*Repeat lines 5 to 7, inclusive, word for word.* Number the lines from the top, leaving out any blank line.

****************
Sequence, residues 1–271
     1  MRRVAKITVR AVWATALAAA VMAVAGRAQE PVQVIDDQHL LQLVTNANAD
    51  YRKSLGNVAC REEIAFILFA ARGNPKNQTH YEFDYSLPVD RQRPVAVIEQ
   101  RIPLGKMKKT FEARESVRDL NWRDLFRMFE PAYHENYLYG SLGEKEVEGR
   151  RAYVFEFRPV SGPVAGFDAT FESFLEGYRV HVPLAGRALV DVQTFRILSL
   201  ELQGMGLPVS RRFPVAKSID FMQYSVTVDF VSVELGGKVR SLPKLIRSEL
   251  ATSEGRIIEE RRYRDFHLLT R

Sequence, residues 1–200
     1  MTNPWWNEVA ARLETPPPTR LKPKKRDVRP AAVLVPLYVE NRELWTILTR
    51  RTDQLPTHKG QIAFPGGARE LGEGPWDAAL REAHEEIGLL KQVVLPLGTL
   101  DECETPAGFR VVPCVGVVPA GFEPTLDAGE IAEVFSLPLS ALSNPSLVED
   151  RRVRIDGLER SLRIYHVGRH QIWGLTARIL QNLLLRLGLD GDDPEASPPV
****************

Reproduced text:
   151  RAYVFEFRPV SGPVAGFDAT FESFLEGYRV HVPLAGRALV DVQTFRILSL
   201  ELQGMGLPVS RRFPVAKSID FMQYSVTVDF VSVELGGKVR SLPKLIRSEL
   251  ATSEGRIIEE RRYRDFHLLT R